When the RBS newsroom transfers to their reporter Megan Barclay in Charleston, she begins her report saying; "The situation began approximately 1 hour ago". The report then screens some video from their reporting team and then shows some Super-8 footage which was filmed by a tourist on a sightseeing boat. Super-8 is a film, not video, format. Normally the cost of the film cartridge included postage to a Kodak laboratory where it would be developed and then mailed back to the owner. In this instance, After the boat had reached shore, it would have been necessary to take the film to a Kodak developing facility to be processed, after which it could be taken to the news studio. Due to the time required to get the film to a laboratory for processing and then to get to the news studio it would have been impossible to do this within the time allowed.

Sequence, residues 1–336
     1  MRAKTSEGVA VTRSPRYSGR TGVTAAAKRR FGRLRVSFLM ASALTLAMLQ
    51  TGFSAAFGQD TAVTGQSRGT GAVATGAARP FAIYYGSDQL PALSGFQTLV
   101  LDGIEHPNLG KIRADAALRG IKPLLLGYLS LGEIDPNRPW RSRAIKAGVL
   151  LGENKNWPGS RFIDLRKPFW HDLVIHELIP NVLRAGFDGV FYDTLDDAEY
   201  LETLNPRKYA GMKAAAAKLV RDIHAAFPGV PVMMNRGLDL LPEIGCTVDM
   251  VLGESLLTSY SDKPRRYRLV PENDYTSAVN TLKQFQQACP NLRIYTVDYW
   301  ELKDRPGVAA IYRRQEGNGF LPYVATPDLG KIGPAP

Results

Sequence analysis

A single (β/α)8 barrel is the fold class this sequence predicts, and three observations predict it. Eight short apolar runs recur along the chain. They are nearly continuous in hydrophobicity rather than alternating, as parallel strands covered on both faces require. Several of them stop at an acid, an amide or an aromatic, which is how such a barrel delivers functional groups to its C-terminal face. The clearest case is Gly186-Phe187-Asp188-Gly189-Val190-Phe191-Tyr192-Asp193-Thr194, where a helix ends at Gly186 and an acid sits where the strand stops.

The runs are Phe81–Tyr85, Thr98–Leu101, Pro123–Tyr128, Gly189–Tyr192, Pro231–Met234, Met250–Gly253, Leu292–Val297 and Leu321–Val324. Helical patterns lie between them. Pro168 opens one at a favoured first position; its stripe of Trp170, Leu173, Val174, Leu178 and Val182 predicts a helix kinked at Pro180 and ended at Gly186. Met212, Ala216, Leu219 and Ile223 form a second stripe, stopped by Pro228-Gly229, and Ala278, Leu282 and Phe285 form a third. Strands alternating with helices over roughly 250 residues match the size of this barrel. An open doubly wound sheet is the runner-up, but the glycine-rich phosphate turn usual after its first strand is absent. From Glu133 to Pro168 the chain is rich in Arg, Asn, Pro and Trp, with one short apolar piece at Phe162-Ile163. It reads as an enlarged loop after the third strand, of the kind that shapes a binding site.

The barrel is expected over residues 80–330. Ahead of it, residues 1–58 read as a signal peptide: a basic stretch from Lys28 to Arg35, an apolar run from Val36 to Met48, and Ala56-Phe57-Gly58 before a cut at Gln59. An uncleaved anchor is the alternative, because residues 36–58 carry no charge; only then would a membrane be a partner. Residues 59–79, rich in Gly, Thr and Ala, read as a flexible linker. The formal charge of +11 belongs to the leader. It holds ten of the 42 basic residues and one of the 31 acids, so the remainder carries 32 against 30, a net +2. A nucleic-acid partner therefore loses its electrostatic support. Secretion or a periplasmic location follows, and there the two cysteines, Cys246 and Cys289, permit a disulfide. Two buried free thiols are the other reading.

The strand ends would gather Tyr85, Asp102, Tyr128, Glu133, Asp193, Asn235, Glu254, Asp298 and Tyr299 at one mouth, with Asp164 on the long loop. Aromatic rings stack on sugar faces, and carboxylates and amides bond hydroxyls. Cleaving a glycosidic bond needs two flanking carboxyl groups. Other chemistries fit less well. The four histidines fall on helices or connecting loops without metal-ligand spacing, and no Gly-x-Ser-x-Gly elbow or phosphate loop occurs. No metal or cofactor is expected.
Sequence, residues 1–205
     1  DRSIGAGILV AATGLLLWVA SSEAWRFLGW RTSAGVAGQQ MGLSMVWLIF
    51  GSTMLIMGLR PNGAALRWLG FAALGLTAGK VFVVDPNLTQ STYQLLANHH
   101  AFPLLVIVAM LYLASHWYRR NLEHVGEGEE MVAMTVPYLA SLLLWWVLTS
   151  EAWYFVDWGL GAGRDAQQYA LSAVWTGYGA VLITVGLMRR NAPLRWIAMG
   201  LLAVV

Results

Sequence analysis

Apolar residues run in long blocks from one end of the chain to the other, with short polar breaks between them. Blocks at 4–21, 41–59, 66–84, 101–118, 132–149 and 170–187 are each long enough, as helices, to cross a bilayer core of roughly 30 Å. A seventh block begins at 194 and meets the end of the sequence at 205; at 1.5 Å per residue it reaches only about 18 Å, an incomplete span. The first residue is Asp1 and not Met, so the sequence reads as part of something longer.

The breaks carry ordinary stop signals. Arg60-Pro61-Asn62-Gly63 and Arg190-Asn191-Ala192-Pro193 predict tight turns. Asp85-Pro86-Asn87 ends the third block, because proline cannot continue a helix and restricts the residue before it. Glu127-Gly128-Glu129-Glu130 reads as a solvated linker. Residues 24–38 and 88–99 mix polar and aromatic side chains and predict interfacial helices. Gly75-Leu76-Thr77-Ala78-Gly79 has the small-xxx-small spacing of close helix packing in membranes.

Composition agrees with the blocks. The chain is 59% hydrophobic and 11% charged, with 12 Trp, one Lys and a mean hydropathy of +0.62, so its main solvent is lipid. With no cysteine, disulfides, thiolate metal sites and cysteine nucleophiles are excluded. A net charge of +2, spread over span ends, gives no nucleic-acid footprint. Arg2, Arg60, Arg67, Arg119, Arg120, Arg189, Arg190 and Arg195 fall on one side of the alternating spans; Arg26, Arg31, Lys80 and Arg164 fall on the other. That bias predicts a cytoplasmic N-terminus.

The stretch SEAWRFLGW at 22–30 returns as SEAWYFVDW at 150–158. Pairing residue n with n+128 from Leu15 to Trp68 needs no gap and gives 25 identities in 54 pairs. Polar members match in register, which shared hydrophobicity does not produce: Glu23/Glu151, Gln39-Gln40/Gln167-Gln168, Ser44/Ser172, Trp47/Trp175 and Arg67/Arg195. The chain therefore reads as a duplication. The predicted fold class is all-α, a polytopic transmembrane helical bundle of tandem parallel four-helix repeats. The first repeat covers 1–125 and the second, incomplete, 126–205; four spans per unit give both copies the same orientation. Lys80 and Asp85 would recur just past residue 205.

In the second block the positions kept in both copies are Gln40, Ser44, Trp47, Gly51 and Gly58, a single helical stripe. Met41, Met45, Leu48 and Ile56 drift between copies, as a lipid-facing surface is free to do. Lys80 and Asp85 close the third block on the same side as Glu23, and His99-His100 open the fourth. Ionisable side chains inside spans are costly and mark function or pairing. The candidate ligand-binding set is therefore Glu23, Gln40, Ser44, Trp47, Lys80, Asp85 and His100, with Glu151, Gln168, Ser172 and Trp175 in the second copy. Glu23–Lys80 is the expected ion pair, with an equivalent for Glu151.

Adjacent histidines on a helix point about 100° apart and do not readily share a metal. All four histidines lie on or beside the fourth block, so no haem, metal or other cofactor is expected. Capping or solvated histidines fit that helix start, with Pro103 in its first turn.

We see the bomb detonate from a security camera in the room it's in. The cam goes into "video feedback" for about one second as it melts, then goes blank. In reality, the camera, the room, and the building would be vaporized in far less than the 1/30th of a second required to transmit even a single video frame of the explosion.
The bomb goes off and the screen goes to static. In actuality, the countdown clock (still counting down) and the lower third box would still be on the screen (the lower third box would have static though,) as it is coming from the network's control room (in New York) instead of Charleston, and would not have been affected by the blast.